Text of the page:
All Things Considered
All Things Considered
Tuesday, May 29, 2012

Minnesota Public Radio Stories


National Public Radio Stories

  • On The Economic Ladder, Rungs Move Further Apart
    Many Americans have long believed that the United States is a land of opportunity, where anyone who works hard can climb the economic ladder. But evidence from recent decades indicates that, for many Americans, that dream of economic mobility falls short.
  • Professor: Civil War Death Toll May Be Really Off
    The accepted number for deaths in the American Civil War for more than a century has been 620,000 from both sides of the conflict. But now a history professor at the State University of New York in Binghamton believes that number is far too low and the real number is closer to 750,000. Robert Siegel talks with J. David Hacker about how he came to his new number.
  • China, Philippines Face Off Over Remote Islands
    It began as a dispute over a fishing boat. But the confrontation in the South China Sea points to growing Chinese assertiveness in the region, and some see it as a test of U.S. resolve, as well.
  • 'I Am The Cheese': A Nightmarish Nail-Biter
    Something about Robert Cormier's I Am the Cheese, made author Ben Marcus worry. It was the first time he had encountered an unreliable narrator — and he found it disconcerting. Do you have a favorite narrator who doesn't quite tell the truth? Tell us who in the comments.
  • 'Flame' Malware Designed For Spying, Not 'Cyber War'
    The latest entrant in the arsenal of advanced cyber packages deployed by governments or corporations for use against their adversaries is a piece of malicious software dubbed "Flame." The malware contains a wide variety of espionage tools, including a feature that activates the internal microphone in personal computers and enables the user to monitor a target's conversation. In terms of sophistication, Flame has been compared to the Stuxnet worm, which can physically destroy industrial equipment. But experts say Flame is not a cyber weapon and its emergence as another espionage tool is not without precedent.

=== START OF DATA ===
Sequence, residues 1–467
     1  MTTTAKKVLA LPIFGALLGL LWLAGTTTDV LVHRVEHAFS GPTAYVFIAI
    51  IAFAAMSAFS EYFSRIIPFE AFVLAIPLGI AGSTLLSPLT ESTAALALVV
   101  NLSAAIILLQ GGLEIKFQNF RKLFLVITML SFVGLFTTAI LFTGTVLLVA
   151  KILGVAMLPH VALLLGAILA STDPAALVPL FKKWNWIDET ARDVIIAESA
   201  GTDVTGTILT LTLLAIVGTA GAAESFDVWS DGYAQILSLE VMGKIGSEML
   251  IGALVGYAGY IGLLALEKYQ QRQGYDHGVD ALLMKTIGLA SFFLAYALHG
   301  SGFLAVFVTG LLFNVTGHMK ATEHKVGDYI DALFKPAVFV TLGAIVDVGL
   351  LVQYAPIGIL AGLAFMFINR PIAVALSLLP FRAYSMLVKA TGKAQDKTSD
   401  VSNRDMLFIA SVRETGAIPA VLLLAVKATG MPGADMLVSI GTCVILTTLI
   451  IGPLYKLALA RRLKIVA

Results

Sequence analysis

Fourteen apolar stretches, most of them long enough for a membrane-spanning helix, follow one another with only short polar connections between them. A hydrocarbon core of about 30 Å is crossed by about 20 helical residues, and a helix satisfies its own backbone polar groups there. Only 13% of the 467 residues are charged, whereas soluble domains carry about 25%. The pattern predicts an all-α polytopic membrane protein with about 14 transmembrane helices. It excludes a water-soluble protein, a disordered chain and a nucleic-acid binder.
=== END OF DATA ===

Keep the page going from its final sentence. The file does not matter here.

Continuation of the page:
• Watching Big Brother: Privacy Board Delayed
    An oversight board designed to protect privacy rights by making sure the government doesn't overstep its bounds has been authorized for years. But politics seems to be getting in the way of launching the panel.
  • Lawyers, Not Victims, Making Most In Madoff Cleanup
    Robert Siegel talks with New York Times editor and business columnist Andrew Ross Sorkin about Irving Picard, the court-appointed trustee working to recover funds for the victims of Bernie Madoff's Ponzi scheme. So far, Picard's firm has generated $554 million in legal and other fees.
  • Small Change In Reading To Preschoolers Can Help Disadvantaged Kids Catch Up
    Researchers say that changing what 4-year-olds see and think about when a book is being read can improve kids' reading skills later on. The key: Focus their attention on the words instead of the pictures.
  • 11 Nations Expel Syrian Diplomats After Massacre
    Syrian diplomats have been expelled from several nations on Tuesday including Canada, Europe and Australia. It's a coordinated reaction to the massacre in the Syrian district of Houla last Friday.
  • Slain Syrian Filmmaker Traded Study For 'Revolution'
    Bassel Shehadeh was a young Syrian who gave up his studies at Syracuse University to return home to chronicle the fighting in his homeland. He was a budding filmmaker who lost his life when Syrian forces bombarded Homs.

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